Sister Outsider, written by Audre Lorde, is the book club selection for the 2018 Women of the World (WOW) Festival (7-11 March 2018). In advance of her facilitation of the WOW Book Club discussion at London’s Royal Festival Hall on Sunday 11 March, Tricia Wombell reflects on the influence of Lorde’s work.
This feature is published as part of a March 2018 endeavour, ‘A Month of Our Own: Amplifying Women’s Voices on LSE Review of Books’. If you would like to contribute to the project in this month or beyond, please contact us at Lsereviewofbooks@lse.ac.uk.
Praise for the Lorde
If you are in certain social media communities on Twitter or Instagram, you will regularly come across perfectly on point motivational and inspiring quotes from Audre Lorde. One of her most shared quotes is ‘Your Silence Will Not Protect You’. It remains prescient given the #MeToo and Black Lives Matter campaigns, which have spotlighted, amongst many issues, the role of the ‘bystander’ throughout all kinds of communities.
The quote comes from ‘The Transformation of Silence into Language and Action’, a paper Lorde presented in Chicago to the Modern Language Association in 1977. In this powerful speech, Lorde describes the focus that came to her in the three weeks while she waited for the results of a lump in her breast. The directness of the words and the themes addressed sharply highlight the clarity with which Lorde saw her life as a Black, lesbian poet, her place in the world and how she intended to work to make a difference through her use of language and speaking the truth, at the same time encouraging others. A key moment is when she explains how her daughter contributed to the creation of the talk by asking her to tell the audience what happens if you don’t speak out:
… you are never really a whole person if you remain silent because there’s always that one little piece inside of you that wants to be spoken out and if you don’t you just get madder and madder.
Lorde has recently been published in the UK for the first time. The book is called Your Silence Will Not Protect You, and offers a selection of her essays, speeches and poems. While I imagine that the social media shares would have played a small part in the decision to finally publish this Lorde collection here, it is also part of an increase in the publication of non-fiction works by BAME authors in the past year. British non-fiction books include The Good Immigrant, edited by Nikesh Shukla, and Why I Am No Longer Talking to White People About Race, by Reni Eddo-Lodge. It is Eddo-Lodge’s preface that opens Your Silence Will Not Protect You, paying direct tribute to the influence and inspiration that Lorde’s work has given to her own.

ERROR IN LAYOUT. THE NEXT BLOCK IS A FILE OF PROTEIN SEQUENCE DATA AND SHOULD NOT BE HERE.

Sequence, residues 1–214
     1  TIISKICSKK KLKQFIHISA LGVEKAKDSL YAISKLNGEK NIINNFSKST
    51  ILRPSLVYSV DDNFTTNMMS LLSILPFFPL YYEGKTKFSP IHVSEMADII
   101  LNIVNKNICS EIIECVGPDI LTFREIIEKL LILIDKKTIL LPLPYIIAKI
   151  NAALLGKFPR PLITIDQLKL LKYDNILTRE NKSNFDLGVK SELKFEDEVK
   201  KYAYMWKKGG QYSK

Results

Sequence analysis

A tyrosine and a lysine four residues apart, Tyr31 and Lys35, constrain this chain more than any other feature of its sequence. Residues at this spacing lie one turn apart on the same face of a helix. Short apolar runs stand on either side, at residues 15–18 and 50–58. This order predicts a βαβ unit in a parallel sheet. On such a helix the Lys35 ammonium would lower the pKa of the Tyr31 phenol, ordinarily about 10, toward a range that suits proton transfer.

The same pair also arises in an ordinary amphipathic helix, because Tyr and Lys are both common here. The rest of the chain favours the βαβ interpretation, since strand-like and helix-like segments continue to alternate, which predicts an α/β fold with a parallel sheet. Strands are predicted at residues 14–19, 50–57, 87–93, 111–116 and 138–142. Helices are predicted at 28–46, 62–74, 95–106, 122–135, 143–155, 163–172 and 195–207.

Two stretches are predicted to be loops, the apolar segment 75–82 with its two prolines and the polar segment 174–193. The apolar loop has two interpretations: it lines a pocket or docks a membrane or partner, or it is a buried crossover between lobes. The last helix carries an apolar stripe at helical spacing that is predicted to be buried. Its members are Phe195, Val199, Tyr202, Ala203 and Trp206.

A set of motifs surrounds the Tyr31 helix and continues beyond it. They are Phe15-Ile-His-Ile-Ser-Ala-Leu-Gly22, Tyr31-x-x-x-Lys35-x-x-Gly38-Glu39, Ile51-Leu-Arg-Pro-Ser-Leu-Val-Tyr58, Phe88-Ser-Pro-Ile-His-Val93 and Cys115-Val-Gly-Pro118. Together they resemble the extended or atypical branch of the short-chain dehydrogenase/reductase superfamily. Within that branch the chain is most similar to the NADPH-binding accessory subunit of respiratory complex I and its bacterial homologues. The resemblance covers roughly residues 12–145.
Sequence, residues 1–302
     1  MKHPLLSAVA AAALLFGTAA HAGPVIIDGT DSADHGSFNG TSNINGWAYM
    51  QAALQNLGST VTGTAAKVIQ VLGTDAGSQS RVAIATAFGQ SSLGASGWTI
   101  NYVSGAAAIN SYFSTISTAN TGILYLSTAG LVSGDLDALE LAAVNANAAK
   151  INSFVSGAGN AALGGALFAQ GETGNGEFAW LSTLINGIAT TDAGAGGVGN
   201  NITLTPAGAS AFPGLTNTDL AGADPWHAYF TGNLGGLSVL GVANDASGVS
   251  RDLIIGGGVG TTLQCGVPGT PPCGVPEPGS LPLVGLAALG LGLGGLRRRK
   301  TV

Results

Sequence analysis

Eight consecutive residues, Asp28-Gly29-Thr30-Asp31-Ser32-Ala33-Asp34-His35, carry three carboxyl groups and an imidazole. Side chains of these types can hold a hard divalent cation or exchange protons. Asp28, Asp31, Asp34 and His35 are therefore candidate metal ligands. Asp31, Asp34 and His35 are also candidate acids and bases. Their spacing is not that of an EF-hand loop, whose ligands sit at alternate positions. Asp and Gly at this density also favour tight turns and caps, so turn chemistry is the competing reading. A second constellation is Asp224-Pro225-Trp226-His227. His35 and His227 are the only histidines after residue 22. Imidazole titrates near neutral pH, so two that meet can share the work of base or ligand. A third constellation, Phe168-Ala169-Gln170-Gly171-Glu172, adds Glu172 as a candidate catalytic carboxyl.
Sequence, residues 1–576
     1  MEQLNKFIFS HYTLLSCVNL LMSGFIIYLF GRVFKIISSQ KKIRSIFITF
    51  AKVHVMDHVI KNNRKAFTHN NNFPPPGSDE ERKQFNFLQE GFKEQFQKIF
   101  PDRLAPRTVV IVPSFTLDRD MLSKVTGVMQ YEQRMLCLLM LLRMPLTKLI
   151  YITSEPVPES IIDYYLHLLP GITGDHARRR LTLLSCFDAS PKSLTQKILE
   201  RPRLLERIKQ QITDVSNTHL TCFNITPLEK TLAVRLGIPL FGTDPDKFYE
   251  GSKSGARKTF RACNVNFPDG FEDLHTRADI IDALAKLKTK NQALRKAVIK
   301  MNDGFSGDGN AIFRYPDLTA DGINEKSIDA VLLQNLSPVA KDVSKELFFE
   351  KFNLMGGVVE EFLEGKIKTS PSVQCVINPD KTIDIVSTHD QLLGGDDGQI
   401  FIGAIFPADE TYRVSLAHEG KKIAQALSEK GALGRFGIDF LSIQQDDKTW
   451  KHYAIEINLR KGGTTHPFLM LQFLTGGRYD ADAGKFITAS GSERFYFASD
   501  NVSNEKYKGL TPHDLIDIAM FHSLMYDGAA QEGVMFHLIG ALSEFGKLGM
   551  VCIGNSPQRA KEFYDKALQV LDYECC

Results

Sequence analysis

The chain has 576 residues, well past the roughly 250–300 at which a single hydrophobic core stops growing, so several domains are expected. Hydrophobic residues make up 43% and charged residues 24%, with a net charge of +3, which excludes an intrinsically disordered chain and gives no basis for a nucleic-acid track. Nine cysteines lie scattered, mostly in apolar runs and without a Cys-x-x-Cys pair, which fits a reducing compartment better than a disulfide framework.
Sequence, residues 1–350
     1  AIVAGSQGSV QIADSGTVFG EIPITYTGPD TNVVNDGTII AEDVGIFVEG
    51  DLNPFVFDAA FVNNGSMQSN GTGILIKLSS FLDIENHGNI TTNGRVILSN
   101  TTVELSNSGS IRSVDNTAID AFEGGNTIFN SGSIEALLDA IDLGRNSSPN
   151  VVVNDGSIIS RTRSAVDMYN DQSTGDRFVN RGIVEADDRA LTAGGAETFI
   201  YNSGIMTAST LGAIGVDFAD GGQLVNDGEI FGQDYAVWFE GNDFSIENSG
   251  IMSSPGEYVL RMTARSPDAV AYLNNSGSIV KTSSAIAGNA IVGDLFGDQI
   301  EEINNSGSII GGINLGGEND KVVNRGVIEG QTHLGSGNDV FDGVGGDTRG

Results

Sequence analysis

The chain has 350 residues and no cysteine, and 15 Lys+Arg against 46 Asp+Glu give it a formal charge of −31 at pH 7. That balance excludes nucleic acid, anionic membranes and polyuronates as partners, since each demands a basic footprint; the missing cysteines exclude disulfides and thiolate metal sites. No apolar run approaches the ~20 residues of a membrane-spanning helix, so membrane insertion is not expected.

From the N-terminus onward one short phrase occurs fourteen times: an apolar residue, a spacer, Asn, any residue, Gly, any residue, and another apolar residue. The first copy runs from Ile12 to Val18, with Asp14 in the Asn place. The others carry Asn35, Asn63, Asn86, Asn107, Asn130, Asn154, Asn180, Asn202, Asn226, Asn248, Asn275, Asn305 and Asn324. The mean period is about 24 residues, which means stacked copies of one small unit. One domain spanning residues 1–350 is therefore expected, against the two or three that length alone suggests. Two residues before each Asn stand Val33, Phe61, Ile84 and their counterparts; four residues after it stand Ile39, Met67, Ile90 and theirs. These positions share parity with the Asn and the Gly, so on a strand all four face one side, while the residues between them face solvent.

Your Silence Will Not Protect You is a fine introduction to Lorde’s essays and poems, but I do hope that the UK reader will also make their way to Sister Outsider, first published in 1984 (reprinted in 2007), the most famous of Lorde’s non-fiction essays and speeches. Most of the Sister Outsider essays are included in the UK book, but the earlier text also includes two pieces of Lorde’s travel writing. The opening essay is called ‘Notes from A Trip to Russia’, and chronicles a 1976 two-week tour of Russia and Uzbekistan, long before the countries of the (former) Soviet Union were as open as they are today. Lorde was hosted by the Union of Soviet Writers to observe their African-Asian Women Writers conference. Her observations of Soviet society are fascinating: she compares Moscow to New York and Tashkent to West Africa, in particular Kumasi in Ghana, with an emphasis on how the markets appear to be so alike. While her interactions with the people provide insight into a tough everyday life, the reader today might find Lorde’s adoration revealing or challenging even, given our current knowledge of Russia and attitudes to people of colour.
The second ‘travel’ essay that closes Sister Outsider is about Grenada, which Lorde visited in the aftermath of the American invasion of 1983. Lorde’s parent’s had left Grenada in the 1920s, and she grew up knowing of it as ‘home’, which is what her mother called it. In the essay, Lorde describes how the smallest nation on earth is savaged by the most powerful. Here she is writing in mourning, setting out why America could not countenance Maurice Bishop’s independent, self-defined Black-run nation in its backyard. No one talks about this now, and I think that everyone who loves the Caribbean should read this particular piece and think a little harder about the state of the other Caribbean nations and their overbearing neighbour. I have been wondering why these two pieces have been left out of the new UK book: I hope that today’s writers will follow Lorde’s lead in Sister Outsider and be given the opportunity to share what they think about wider world issues too.